“Well Tara,” said Chris, her voice slow and Southern—from somewhere in Texas—“We’ve looked over your application, and after all your paperwork, interviews, and inspections were reviewed by the board, I’m real pleased to tell you you’ve been approved. Welcome to our family.”
I can’t begin to tell you how those words made me feel.
I’d found A Greener World—the organization that granted our Animal Welfare Approved (AWA) certification—quite by accident. At the time, I wasn’t looking for an animal welfare program, I was looking for a regenerative agriculture program.
Unfortunately, the regenerative agriculture program was still in development, but the AWA was good to go, and so, without giving it much more thought than it took to click the link, I started to fill in the paperwork.
It started with a deep desire to build a foundation of credibility. I wanted something I could show my community, something that was quantifiable, backed by knowledgeable people and from an organization with integrity. I wasn’t interested in a showy rubber stamp; I was interested in some qualifications. I wanted something that was rigorous, official, and comprehensive for the farm. I wanted to be able to speak knowledgably and have some credibility. I wanted ongoing support. I wanted to be held to account.
In a very real way, my eight-month Animal Welfare Approved (AWA) certification odyssey was my attempt to draw a box around my feet—a box that said “Start.” For many Canadians, farming—especially fibre farming—is an unknown quantity. And if my recent participation in the Agricultural Census is any indication, it’s an unknown even for many in my sector. I wanted to make sure I had a way to start this critical conversation about animal welfare. I wanted to prompt a specific question, to put the choice right there in front of people. It was important—so very important—that the breathing animal I tended and loved, with her own personality and habits and preferences, was present in the fibre held in the hands of someone who might never have a chance to meet her. I wanted Claire or Truvy or Bronte or Clancy to be known and appreciated and, above all else, I wanted our community to know they were respected. They were never ever just a means to an end. On the contrary, they were the beginning and I wanted to begin.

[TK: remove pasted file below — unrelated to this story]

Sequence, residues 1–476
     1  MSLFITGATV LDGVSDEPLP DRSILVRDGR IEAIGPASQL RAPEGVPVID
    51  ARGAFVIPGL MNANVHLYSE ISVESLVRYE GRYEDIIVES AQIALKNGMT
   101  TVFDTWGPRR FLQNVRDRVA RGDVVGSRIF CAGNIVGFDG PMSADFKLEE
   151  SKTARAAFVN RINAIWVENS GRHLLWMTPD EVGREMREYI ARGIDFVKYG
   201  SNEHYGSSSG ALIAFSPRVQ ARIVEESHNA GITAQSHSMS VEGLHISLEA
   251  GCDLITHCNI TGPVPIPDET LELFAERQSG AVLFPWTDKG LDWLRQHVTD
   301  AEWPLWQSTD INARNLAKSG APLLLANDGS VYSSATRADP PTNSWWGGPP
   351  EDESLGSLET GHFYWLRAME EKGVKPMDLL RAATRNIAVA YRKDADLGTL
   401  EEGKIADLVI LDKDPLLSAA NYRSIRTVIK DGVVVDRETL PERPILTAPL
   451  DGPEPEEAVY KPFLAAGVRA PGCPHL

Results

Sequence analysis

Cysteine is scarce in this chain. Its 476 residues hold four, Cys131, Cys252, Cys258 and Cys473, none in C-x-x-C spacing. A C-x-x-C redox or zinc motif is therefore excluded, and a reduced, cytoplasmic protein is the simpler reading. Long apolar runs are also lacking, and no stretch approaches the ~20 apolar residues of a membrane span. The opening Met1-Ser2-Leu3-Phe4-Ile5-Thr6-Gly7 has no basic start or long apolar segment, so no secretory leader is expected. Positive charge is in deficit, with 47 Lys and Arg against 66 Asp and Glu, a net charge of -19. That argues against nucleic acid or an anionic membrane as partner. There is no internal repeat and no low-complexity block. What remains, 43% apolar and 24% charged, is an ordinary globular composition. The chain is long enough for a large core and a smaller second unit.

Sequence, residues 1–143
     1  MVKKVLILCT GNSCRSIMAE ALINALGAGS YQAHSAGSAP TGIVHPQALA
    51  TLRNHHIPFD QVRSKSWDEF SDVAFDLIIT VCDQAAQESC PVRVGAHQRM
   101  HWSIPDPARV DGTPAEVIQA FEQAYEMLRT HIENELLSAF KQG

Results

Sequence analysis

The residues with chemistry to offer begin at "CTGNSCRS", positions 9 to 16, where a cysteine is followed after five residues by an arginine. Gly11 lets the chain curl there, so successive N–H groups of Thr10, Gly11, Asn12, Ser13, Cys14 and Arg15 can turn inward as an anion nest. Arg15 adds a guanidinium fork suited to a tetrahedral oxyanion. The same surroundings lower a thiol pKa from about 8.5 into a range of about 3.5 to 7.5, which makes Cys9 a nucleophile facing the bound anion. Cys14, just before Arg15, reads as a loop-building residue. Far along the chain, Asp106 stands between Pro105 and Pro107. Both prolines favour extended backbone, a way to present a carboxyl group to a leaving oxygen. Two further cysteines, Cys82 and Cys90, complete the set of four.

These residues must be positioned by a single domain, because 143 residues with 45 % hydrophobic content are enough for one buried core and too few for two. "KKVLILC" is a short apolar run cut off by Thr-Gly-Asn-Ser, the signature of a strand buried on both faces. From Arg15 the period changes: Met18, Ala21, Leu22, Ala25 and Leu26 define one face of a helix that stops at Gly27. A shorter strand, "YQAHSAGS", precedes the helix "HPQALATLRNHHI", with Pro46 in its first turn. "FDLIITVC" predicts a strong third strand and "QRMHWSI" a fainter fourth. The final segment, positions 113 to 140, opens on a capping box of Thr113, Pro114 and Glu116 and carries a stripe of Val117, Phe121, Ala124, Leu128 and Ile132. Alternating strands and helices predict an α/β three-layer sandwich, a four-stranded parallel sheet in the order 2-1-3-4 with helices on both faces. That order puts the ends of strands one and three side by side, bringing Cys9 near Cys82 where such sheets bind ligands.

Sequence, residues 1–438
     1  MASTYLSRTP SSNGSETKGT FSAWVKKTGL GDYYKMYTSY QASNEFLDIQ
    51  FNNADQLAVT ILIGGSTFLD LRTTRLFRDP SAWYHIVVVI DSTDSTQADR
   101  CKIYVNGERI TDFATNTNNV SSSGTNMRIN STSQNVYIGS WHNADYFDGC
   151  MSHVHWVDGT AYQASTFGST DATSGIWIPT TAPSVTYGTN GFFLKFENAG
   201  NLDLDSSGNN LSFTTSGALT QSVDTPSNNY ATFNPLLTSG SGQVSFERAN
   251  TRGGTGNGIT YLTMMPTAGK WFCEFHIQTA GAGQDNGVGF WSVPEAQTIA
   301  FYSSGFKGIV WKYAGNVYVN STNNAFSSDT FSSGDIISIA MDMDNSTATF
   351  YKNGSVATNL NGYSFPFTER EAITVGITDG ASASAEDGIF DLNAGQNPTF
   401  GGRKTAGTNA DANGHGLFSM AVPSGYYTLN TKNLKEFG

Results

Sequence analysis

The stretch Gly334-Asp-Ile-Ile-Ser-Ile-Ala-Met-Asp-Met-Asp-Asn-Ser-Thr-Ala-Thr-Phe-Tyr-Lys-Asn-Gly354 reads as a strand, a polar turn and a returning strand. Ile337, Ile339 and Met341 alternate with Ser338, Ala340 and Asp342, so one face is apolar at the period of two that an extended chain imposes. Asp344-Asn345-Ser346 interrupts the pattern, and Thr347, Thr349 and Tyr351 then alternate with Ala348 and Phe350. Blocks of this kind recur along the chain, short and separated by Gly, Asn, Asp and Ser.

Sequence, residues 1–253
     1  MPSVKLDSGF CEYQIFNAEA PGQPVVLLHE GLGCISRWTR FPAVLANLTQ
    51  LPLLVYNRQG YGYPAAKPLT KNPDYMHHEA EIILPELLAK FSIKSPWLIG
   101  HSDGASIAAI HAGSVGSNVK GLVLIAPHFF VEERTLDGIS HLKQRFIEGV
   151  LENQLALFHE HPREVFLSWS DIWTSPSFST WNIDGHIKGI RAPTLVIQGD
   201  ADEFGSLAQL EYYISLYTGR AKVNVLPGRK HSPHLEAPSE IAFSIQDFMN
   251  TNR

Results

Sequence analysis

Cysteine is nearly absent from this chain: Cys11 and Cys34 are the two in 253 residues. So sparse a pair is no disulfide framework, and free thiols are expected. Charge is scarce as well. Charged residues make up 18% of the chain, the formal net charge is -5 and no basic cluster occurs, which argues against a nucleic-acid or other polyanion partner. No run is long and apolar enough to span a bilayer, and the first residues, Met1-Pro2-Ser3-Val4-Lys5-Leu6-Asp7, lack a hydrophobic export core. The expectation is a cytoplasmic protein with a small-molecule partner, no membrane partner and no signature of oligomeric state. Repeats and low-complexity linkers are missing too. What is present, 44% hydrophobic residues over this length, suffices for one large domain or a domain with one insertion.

To say the process was thorough would be an understatement. Terms like “emergency preparedness” had me opening Google Earth for a satellite view of our property. I was looking up feed analyses, writing a letter to my vet, answering emailed requests for clarifications, talking on the phone with a nice man named Frank from somewhere in Maryland for over an hour. Poor Frank. Frank had the patience of Job as he waded through my fifty pages of intake forms and assessments, every question answered with more words than I needed but far fewer than I could spare.
I had to dig out every bit of history I could on every single sheep on our farm: Birth dates, farm-of-origin, when were they vaccinated and with what? When were their feet trimmed? What tracking systems did we use? When did they get sheared? Had they ever been bred? Had they ever been sick? What medications had we used? How did they get from point A to point B? How did we quarantine? Did we have a plan in place for evacuation if it was necessary? Before I knew it, five months had slipped away in a flurry of paper, emails and phone calls.
And then one day, there was a new name in my inbox.
“Hi Tara. My name is Daniel and I’ll be doing your on-farm audit.”
Up until this point, everything had been done remotely, on paper or over the phone. It’s not that I was worried necessarily—we work really hard to keep the farm in great shape—it was just that someone I had never met before was going to be walking around our pens and sheds, probably with a clipboard, definitely with a critical look, making little ticks in little boxes with his (probably) judge-y little pen. As much as I believed in what I was doing, I was nervous. This was a whole new ballgame.
By the time Daniel-from-Georgia showed up on my Alberta doorstep, I was humming at a pitch only bats can hear. I plied him with tea (not sweet) and biscuits (Georgia) and answered his questions as best I could, given that I had to choose between breathing and talking because I seemed incapable of synchronizing them in the usual way. He did indeed have a pen and a thick book where he noted my answers—some of them totally acceptable, others needing an explanation and one or two more that he wrote down with reservations.
But after more explanations and a review by the decision board, we finally got the news: our AWA had been approved!
The thrill of knowing where I stand is immeasurable. I am now ready to tell you about our journey and our sheep. I am hopeful that the AWA process will be the “Start” box for all of us: a place we can all meet—whether fibre producer or fibre consumer—to discuss, advocate for, and work to safeguard all of our incredible fibre-producing animals. I know that like me, our community cares deeply about animal welfare, and I am so pleased to begin.
So. Let’s begin.
All images by Tara Klager.